Where does this leave the companies morally? Suppose this was the Middle Ages, say, and we’re looking for a situation in human relationships comparable to what these companies are doing by bricking or ceasing to support their products. This may sound extreme, but the only thing I can think of that’s comparable is a raid: to be specific, a Viking raid on an English coastal town.
Say you’re a fisherman, minding your own business one day and mending your nets. You’ve managed to accumulate a small number of useful objects: cups, bowls, maybe some jewelry for your wife—imagine whatever would equate to an upper-middle-class living in, say, 900 A. D. All of a sudden, you see ships on the horizon, and you know they’re Vikings. And you know what’s going to happen next. You can kiss all your nice things good-bye, and maybe your wife and your life as well.
Now, Google or Philips doesn’t rape your wife and burn your house down. But when they brick or otherwise reduce the functionality of their products, they do take something that you thought was yours, and they don’t give anything in return. In their defense, the companies would say that they delivered a certain amount of service over the useful life of the product, but surely we didn’t expect the device to work forever, did we?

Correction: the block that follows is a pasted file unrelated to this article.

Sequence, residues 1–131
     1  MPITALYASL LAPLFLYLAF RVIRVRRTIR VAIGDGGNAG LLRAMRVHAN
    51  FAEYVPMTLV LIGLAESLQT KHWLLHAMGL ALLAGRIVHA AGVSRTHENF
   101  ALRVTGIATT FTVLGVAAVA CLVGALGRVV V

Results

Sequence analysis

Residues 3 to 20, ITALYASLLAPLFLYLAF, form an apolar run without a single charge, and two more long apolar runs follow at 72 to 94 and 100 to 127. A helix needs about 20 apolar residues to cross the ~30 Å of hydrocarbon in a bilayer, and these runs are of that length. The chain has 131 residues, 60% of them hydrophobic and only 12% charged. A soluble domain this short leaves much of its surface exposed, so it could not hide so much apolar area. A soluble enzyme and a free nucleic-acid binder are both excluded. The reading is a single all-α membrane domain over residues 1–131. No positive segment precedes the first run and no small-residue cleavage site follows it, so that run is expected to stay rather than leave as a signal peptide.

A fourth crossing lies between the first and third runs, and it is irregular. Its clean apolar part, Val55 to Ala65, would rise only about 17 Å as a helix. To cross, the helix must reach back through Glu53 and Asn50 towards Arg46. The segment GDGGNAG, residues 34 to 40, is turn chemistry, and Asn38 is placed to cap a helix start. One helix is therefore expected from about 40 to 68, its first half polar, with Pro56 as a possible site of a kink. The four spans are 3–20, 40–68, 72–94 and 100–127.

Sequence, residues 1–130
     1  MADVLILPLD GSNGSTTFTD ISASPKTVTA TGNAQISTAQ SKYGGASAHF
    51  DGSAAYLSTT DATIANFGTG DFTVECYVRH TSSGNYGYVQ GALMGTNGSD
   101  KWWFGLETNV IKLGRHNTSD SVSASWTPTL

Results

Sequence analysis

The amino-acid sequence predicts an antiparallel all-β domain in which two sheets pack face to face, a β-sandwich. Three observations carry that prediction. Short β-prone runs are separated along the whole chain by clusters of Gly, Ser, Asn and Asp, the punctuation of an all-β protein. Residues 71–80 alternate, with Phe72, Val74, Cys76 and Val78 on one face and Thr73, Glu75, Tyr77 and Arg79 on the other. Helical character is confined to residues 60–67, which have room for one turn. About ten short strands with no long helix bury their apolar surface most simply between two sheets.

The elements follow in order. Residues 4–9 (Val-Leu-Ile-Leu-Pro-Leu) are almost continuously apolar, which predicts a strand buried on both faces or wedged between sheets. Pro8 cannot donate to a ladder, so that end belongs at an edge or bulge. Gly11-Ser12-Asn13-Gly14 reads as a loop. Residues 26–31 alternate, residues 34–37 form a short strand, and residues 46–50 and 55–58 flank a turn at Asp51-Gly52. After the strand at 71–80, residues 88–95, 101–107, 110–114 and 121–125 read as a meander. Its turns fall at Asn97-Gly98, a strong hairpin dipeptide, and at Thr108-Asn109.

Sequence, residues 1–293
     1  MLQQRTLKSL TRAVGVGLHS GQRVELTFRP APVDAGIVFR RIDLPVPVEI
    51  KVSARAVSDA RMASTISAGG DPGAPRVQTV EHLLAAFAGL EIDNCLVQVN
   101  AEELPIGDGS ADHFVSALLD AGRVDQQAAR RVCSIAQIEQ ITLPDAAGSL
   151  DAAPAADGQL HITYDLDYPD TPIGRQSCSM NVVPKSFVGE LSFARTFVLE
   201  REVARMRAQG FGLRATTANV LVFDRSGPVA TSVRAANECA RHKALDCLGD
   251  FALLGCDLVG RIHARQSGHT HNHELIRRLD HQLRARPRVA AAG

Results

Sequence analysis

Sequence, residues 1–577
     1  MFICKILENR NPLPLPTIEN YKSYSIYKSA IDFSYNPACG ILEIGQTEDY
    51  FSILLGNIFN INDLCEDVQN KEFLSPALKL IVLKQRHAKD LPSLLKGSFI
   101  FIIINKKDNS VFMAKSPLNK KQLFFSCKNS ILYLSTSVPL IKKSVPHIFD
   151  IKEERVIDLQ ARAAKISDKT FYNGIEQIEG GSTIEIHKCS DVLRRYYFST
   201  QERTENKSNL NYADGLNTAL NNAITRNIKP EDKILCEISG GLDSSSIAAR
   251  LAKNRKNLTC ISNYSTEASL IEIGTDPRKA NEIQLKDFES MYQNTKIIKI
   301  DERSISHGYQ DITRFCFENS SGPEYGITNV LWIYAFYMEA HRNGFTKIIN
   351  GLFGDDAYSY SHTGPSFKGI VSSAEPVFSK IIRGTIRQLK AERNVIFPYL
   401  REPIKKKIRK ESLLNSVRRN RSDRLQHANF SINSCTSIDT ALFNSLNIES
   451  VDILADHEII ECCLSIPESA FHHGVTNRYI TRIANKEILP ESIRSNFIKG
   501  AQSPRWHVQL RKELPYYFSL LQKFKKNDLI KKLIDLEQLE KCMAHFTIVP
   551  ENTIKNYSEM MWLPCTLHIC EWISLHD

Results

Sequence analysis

That’s a hard question to answer. As I get older, my perspective on technological progress has changed, possibly because I’ve seen so many technologies come and go: 8-track tapes, videotapes, cassette tapes, floppy disks, CRT displays. . . . For some reason, the image of a spoiled child picking up and then discarding one new toy after another comes to mind. Sometimes he tires of the toy and throws it down and demands another. Other times, the toy is taken away before he’s finished with it and he throws a tantrum. But he’s never truly happy or content either way.
Unless we all become lawyers and refuse to buy anything without executing a custom-written contract with every company we buy from, specifying the term of service we expect from their products, we will continue to be the spoiled children playing with toys whose usefulness is at the whim of the manufacturer. There are too many lawyers as it is, and I also agree with Gault when he says that governments don’t seem willing to be the playground supervisor who enforces fair play.
So a phrase that dates from even longer ago than the Middle Ages seems appropriate here: caveat emptor. The buyer should beware that any product involving software, which is increasingly almost any piece of electronics these days, may up and quit on you at any time—not because it breaks, or because you misused it, but because its maker found it uneconomical to keep it going. And you’ll just have to deal with it if it does.